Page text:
FAIR Legislative Update August 30, 2010
Homeland Security Begins Dismissing Certain Deportation Cases
The Houston Chronicle revealed this week that the Department of Homeland Security (DHS) is beginning to dismiss cases against certain aliens in deportation proceedings. According to The Chronicle, DHS is systematically reviewing thousands of pending immigration cases and moving to dismiss those filed against suspected illegal immigrants who have no serious criminal records. The local Houston office of Immigration and Customs Enforcement (ICE) is reviewing 2,500 cases and other ICE offices around the country are expected to follow suit. (The Houston Chronicle, Aug. 24, 2010)
ICE spokesman Richard Rocha said the review is part of the agency’s nationwide strategy to prioritize the deportation of criminal aliens—meaning illegal aliens who have committed additional criminal offenses and have been caught and prosecuted. While Rocha refused to give additional details, The Chronicle extensively quotes Raed Gonzales, an immigration attorney who was briefed on the effort by DHS’s deputy chief counsel in Houston, for more details on the new policy. According to Mr. Gonzales, DHS has confirmed that it’s reviewing cases nationwide and it now has five attorneys assigned full time to reviewing all active cases in Houston’s immigration court. DHS attorneys are conducting the reviews on a case-by-case basis, but are following general guidelines that allow for the dismissal of cases for defendants who have been in the country for two or more years and have no felony convictions. In some instances, defendants can have one misdemeanor conviction, but it cannot involve a DWI, family violence or sexual crime. (The Houston Chronicle, Aug. 24, 2010)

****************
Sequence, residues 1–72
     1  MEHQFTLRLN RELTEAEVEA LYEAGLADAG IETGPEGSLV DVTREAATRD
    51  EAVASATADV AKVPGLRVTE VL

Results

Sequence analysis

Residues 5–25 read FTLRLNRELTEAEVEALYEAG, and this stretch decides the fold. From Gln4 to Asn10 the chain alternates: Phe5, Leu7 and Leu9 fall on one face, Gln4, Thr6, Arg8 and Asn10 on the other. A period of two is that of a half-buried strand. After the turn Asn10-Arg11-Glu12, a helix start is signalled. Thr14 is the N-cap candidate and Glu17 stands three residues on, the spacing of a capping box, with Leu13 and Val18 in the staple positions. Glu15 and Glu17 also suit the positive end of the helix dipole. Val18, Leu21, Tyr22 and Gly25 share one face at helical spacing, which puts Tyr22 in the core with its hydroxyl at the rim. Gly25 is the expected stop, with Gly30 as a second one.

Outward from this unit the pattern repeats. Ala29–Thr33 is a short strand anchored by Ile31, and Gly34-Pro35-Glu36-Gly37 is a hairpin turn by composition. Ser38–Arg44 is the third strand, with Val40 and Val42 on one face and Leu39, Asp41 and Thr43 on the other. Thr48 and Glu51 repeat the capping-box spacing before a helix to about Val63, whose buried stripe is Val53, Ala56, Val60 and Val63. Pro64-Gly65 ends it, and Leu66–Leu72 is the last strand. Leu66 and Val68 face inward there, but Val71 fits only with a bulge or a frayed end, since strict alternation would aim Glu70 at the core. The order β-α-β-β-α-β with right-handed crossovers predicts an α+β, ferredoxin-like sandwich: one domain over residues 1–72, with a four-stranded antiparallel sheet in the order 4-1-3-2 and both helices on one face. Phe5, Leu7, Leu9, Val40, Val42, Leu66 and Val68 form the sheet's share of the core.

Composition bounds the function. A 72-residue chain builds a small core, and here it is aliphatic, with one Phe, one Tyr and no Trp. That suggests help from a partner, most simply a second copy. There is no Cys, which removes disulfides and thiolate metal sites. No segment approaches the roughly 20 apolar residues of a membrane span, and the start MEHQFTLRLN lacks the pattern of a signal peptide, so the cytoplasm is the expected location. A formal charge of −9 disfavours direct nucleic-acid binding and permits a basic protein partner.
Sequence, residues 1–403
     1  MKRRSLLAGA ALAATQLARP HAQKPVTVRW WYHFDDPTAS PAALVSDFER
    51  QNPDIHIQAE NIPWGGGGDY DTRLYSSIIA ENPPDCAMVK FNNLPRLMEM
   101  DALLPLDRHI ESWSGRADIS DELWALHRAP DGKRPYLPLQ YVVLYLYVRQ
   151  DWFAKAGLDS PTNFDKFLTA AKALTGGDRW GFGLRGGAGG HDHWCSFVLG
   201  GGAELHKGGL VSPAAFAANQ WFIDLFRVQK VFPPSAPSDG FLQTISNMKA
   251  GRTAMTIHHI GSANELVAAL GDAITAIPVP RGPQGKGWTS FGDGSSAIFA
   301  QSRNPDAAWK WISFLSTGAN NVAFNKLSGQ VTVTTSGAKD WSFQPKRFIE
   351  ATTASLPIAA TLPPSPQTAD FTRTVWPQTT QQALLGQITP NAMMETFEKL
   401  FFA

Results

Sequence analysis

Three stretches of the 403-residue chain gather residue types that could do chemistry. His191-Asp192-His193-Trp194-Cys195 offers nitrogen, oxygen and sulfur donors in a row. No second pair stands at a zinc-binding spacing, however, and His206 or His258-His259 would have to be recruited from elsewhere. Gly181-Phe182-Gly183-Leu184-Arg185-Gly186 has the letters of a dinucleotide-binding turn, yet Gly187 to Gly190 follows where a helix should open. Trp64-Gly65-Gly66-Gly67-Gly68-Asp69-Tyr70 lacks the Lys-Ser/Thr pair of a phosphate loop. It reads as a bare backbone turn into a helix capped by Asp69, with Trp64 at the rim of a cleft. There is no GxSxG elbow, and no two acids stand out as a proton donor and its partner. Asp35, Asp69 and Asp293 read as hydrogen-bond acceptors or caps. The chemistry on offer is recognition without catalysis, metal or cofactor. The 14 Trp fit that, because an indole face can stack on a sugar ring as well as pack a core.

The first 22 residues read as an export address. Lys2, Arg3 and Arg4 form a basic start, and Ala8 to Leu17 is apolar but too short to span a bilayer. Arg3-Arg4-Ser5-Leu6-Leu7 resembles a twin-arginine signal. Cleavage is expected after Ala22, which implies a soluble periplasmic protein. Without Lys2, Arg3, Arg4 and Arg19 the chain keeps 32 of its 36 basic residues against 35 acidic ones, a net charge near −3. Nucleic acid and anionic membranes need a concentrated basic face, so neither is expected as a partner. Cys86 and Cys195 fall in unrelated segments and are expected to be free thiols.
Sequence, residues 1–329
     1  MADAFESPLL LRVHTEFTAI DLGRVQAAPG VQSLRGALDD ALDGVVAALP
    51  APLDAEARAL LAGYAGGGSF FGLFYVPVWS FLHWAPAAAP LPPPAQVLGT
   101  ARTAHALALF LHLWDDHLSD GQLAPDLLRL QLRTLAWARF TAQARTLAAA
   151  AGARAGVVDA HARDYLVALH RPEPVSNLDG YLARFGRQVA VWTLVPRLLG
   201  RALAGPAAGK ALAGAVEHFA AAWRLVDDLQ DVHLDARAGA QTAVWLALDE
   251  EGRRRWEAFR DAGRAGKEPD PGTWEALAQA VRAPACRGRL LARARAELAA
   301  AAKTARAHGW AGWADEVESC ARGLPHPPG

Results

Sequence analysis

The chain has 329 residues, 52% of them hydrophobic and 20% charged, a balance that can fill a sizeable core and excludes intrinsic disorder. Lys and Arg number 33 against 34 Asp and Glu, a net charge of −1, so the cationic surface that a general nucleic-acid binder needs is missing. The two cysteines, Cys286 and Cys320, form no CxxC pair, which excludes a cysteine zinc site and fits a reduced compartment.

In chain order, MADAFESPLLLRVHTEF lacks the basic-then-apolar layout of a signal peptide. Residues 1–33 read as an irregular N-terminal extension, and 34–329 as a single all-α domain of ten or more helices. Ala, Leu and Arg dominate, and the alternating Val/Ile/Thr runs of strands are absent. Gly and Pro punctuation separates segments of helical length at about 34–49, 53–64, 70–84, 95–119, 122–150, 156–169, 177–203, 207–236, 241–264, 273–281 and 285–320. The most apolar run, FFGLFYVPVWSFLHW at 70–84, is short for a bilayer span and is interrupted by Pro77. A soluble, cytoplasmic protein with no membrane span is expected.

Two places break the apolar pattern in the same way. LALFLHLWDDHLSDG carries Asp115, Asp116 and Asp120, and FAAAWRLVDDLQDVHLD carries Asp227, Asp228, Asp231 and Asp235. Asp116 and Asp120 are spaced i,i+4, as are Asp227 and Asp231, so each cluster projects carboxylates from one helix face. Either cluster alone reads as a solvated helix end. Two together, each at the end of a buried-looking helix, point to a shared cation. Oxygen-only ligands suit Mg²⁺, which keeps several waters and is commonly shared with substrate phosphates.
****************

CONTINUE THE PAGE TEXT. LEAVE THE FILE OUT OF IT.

ICE has not yet officially confirmed or denied The Chronicle report, but it did release a memo dated August 20, 2010 that outlines a new policy for dismissing certain deportation cases. In the memo, ICE Director John Morton announces that in order to reduce the backlog of pending immigration cases, ICE will begin dismissing deportation cases of aliens who appear eligible to adjust their status to become a legal permanent resident as the family member of a citizen or legal permanent resident. ICE estimates that this policy shift will apply to 17,000 aliens in removal proceedings. The memo does not state that criminal convictions will automatically bar the dismissal of a case, but instead provides that certain adverse factors will weigh against dismissal, including “criminal convictions, evidence of fraud or other criminal misconduct, and national security and public safety considerations.”
This latest ICE memo comes on the heels of a U.S. Citizenship and Immigration Services (USCIS) memo leaked in early August that outlines how the Obama Administration intends to use administrative means to reduce the likelihood that illegal aliens would be removed from the U.S. (See FAIR’s Legislative Update, Aug. 2, 2010). With ICE’s latest move to dismiss deportation cases, it appears that the Obama Administration is continuing to expand the scope of its strategy.